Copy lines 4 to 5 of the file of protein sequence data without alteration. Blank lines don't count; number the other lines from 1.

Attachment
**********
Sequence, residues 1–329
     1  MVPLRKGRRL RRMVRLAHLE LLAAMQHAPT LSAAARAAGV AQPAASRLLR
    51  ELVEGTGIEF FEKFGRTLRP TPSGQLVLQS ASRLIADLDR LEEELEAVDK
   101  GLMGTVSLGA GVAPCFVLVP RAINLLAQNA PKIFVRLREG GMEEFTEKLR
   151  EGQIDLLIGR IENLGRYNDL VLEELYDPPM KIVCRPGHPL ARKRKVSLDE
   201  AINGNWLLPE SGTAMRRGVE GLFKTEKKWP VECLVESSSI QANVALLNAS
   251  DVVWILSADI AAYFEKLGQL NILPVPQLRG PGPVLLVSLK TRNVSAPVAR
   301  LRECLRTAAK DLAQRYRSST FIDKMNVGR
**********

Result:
   101  GLMGTVSLGA GVAPCFVLVP RAINLLAQNA PKIFVRLREG GMEEFTEKLR
   151  EGQIDLLIGR IENLGRYNDL VLEELYDPPM KIVCRPGHPL ARKRKVSLDE